HVTN researchers and ethicists say findings will help guide new approaches to HIV vaccine studies
SEATTLE (Wednesday, January 18, 2023) – A Phase 3 study of an investigational HIV vaccine regimen has been discontinued following a planned, interim review by the study’s independent Data and Safety Monitoring Board (DSMB) on Jan. 12, 2023.
The Mosaico study – also known as HPX3002/HVTN706 – is a Phase 3 study conducted by the HIV Vaccine Trials Network (HVTN), based at Fred Hutchinson Cancer Center in Seattle, with a consortium of global partners, inclduing the Desmond Tutu Health Foundation in Cape Town, South Africa.
The study aimed to test a “mosaic”-based HIV vaccine in multiple countries around the world among cisgender men and transgender people who have sex with cisgender men and/or transgender people. Mosaic vaccines are intended to trigger a broader immune response than earlier vaccine models by including genetic material from a variety of HIV strains prevalent around the world. In its review, the Data and Safety Monitoring Board said the investigational vaccine was generally safe and well tolerated; however, it was not effective at preventing the acquisition of HIV-1.
One of the unique features of the study was that as part of the community outreach, clinic staff members first engaged and assessed community acceptance of, and interest in, HIV pre-exposure prophylaxis (PrEP). If community members accepted PrEP, they were navigated to services to begin receiving the preventive medication. However, if community members did not accept PrEP, they were considered for the study. Participants who joined the study and later changed their mind about PrEP were also navigated to PrEP services and remained in the study.
Mitchell Warren, executive director of AVAC and a member of the Governing Council of the International AIDS Society, said engaging diverse communities worldwide, providing education, and welcoming personal choice are all critical elements of HIV vaccine studies if researchers are to discover real-world answers in real-world situations.
“There is a worldwide demand for a range of effective and acceptable HIV prevention options, including especially HIV vaccines, particularly in communities where health care delivery may be limited, at best,” he said. “The study team emphasized the value of choice for participants, particularly in decisions regarding PrEP, which is becoming increasingly available globally but is not universally accepted. The Mosaico team’s focus on inclusion and the design of the study to respect participants’ lifestyles and choices provided an opportunity to increase representation from populations most vulnerable to HIV. The ethical and community-friendly design and conduct of this study has helped to build trust in communities that may not be inclined to trust research institutions.”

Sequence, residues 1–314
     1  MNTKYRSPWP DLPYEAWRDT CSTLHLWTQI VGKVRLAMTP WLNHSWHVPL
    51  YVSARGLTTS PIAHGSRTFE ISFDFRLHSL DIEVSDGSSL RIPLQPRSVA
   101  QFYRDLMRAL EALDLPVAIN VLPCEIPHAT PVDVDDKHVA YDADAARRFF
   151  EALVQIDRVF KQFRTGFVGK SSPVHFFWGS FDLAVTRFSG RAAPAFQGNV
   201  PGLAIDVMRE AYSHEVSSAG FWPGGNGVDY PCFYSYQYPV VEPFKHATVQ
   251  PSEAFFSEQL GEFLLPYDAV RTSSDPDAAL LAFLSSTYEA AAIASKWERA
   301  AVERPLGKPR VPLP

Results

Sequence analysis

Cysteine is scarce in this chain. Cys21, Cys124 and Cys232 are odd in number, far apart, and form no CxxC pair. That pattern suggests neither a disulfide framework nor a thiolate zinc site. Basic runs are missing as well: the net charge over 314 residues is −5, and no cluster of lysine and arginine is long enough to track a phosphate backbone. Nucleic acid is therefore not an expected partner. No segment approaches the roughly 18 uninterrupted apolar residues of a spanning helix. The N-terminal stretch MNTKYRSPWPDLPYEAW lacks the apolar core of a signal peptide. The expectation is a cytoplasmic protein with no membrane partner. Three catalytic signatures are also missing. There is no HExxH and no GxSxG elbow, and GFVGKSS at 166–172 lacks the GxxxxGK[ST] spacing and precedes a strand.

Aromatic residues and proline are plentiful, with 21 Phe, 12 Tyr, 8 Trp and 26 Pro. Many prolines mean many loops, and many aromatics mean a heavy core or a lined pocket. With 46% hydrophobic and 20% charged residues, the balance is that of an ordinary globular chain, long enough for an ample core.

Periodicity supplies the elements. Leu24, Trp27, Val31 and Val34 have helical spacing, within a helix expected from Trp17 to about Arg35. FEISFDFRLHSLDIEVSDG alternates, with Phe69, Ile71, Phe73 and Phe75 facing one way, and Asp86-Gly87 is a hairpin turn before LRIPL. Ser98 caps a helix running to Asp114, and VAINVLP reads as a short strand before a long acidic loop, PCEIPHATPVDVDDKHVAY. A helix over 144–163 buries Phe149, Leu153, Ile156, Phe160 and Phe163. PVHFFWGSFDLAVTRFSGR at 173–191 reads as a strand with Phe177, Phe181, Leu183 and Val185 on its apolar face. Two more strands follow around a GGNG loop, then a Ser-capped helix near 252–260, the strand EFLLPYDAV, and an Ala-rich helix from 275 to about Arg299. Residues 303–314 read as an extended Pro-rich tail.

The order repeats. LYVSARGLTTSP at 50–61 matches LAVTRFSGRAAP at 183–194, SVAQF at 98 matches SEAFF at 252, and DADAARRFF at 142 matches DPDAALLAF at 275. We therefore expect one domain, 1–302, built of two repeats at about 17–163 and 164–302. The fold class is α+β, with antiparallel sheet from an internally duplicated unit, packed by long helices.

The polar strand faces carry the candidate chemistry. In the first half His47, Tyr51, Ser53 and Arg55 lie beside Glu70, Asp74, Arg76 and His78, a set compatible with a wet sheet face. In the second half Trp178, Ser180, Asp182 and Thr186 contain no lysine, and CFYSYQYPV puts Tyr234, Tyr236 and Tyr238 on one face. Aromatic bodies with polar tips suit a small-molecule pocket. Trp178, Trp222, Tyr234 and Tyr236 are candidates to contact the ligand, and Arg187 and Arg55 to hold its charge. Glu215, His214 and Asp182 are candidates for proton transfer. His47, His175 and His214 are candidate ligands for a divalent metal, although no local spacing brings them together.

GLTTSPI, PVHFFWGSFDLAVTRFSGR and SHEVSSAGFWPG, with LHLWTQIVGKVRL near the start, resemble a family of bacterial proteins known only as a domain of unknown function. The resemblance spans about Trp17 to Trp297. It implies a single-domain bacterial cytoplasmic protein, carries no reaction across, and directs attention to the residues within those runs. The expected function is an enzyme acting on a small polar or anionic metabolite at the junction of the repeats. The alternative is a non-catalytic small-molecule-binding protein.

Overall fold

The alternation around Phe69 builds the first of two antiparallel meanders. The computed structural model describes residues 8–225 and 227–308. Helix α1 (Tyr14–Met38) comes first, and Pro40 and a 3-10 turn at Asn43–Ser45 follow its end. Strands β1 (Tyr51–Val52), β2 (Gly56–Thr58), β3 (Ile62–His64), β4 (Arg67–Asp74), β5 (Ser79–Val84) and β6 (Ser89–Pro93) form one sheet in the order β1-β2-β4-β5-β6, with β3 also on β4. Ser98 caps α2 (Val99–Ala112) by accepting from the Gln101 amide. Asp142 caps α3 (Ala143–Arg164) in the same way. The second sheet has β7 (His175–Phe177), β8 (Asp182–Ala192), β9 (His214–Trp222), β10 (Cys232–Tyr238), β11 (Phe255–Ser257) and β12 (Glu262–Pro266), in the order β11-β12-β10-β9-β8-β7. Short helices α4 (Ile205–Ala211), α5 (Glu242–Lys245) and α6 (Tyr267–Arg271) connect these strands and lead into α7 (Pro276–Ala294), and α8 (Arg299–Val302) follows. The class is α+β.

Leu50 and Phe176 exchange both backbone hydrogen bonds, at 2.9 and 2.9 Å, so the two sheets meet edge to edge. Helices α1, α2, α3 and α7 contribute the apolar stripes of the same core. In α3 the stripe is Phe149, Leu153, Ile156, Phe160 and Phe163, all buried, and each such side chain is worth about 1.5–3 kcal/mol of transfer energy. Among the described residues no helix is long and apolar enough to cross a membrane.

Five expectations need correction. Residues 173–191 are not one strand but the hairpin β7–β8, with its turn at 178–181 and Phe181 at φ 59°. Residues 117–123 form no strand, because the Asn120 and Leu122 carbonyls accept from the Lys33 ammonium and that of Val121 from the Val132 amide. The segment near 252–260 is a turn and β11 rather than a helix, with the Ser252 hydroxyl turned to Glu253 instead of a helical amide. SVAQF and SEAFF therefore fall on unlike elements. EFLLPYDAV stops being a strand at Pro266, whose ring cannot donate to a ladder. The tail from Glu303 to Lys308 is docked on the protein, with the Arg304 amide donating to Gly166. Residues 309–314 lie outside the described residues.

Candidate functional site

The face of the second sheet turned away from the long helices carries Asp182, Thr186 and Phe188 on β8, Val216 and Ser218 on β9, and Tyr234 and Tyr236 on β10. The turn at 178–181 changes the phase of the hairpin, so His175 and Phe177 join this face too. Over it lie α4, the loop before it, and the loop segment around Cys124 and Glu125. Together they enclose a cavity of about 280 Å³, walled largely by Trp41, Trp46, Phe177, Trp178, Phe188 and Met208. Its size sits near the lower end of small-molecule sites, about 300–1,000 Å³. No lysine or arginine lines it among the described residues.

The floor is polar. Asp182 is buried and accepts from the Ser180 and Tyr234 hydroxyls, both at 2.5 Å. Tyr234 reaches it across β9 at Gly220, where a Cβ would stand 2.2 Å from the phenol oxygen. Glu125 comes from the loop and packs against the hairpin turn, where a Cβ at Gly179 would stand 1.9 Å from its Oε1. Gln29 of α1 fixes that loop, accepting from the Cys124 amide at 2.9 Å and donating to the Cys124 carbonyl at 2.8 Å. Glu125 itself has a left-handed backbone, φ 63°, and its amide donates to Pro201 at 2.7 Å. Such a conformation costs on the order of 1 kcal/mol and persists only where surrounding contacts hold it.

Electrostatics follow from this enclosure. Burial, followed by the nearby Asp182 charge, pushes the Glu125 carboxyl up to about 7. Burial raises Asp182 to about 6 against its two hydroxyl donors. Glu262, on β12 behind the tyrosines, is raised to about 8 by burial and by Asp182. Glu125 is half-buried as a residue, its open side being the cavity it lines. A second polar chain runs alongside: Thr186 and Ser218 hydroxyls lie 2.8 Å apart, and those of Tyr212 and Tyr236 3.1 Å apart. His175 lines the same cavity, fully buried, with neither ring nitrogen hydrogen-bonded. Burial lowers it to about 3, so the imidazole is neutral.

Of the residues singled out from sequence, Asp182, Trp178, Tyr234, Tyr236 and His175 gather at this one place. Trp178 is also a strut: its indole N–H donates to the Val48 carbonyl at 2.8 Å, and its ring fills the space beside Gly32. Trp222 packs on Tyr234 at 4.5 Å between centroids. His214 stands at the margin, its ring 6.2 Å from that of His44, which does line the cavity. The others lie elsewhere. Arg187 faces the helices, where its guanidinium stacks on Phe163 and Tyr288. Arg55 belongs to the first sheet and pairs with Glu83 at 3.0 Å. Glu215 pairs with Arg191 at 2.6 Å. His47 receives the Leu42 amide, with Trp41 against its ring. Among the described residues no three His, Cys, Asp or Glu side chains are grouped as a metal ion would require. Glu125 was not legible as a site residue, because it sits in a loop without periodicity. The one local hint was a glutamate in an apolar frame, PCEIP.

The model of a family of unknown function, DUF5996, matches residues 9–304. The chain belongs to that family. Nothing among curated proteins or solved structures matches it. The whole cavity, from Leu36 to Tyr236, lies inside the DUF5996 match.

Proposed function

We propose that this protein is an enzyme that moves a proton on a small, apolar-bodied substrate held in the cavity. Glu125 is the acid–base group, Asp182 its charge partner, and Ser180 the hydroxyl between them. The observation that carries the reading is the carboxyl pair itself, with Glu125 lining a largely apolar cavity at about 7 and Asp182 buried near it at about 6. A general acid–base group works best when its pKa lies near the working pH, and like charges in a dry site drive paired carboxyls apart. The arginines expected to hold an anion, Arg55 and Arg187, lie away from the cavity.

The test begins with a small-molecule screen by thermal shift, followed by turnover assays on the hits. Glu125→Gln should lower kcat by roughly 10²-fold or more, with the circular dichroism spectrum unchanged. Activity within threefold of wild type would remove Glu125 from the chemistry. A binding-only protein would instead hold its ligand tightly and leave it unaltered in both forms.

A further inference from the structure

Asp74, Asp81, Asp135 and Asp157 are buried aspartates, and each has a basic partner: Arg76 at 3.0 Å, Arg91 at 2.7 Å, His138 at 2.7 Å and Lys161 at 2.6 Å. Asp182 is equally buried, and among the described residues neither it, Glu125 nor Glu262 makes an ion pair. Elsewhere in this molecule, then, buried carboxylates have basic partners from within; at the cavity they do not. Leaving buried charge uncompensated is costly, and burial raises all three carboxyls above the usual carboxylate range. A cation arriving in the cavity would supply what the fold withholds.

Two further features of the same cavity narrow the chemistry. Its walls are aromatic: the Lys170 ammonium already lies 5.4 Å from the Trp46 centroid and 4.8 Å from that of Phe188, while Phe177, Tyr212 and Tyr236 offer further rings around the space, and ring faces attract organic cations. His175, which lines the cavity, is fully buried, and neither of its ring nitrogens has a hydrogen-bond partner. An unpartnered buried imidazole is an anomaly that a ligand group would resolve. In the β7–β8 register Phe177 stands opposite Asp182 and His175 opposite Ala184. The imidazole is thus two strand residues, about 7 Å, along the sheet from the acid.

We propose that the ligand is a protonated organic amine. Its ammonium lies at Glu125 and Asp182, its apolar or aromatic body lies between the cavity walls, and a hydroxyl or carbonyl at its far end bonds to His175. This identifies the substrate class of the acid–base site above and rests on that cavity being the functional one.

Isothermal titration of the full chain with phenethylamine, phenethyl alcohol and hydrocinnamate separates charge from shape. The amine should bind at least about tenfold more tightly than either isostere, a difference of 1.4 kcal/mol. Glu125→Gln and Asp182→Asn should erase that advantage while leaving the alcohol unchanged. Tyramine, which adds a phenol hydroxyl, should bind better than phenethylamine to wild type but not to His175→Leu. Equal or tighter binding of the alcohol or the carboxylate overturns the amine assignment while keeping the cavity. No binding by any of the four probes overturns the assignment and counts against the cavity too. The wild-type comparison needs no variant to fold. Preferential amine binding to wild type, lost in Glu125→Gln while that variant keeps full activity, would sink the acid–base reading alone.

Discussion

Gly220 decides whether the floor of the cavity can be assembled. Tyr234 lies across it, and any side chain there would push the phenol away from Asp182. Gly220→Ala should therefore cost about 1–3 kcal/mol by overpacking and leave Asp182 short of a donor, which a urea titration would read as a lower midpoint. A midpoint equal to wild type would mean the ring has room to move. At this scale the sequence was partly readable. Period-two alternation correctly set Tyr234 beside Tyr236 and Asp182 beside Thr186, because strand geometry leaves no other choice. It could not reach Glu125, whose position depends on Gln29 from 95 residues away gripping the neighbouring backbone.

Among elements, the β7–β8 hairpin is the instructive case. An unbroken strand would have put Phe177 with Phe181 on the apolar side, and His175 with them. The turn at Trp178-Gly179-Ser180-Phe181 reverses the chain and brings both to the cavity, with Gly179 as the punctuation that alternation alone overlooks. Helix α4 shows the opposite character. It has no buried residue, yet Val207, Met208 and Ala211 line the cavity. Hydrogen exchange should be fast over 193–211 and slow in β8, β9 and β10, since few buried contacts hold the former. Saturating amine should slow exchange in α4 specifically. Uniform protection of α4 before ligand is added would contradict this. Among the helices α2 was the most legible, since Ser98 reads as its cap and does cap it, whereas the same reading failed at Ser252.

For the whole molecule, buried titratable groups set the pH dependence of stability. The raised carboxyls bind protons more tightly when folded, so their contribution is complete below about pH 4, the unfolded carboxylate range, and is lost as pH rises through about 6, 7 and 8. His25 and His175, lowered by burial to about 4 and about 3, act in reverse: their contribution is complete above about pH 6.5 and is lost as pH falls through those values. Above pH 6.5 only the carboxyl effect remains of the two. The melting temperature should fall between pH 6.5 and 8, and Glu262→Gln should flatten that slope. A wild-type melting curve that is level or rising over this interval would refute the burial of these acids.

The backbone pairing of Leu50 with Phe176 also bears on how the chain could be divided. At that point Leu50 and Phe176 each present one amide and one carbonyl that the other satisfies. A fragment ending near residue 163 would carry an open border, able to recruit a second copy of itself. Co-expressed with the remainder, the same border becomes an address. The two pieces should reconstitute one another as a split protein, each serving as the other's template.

The Phase 3 Mosaico study began in 2019. In September 2021, it reached full enrollment of approximately 3,900 cisgender men and transgender people who have sex with cisgender men and/or transgender people, who are at increased vulnerability to HIV acquisition. There are more than 50 trial sites in Argentina, Brazil, Italy, Mexico, Peru, Poland, Spain and the U.S.
The primary analysis of the Phase 2b Imbokodo study, which evaluated an investigational HIV vaccine regimen that was similar to Mosaico, found that the vaccine regimen did not provide sufficient protection against HIV in a population of young women in sub-Saharan Africa. The Imbokodo regimen was found to be generally well tolerated with no serious adverse events. Those findings were announced in August 2021.
“Our experience with the Imbokodo study in sub-Saharan Africa supports anecdotal evidence and other recent findings that many people – including many women in this study – do not choose or accept oral PrEP for their HIV prevention needs. In addition to providing insight into the decisions being made by patients and study participants, this further reinforces the critical importance of choice in HIV prevention strategies and HIV vaccine discovery,” said Dr. Linda-Gail Bekker, director of the Desmond Tutu HIV Centre.
Mosaico was led by a global public-private partnership including Janssen Vaccines & Prevention B.V., the National Institute of Allergy and Infectious Diseases (NIAID), HVTN, and the U.S. Army Medical Research and Development Command (USAMRDC).
This was taken from the full HVTN press release, which can be read here.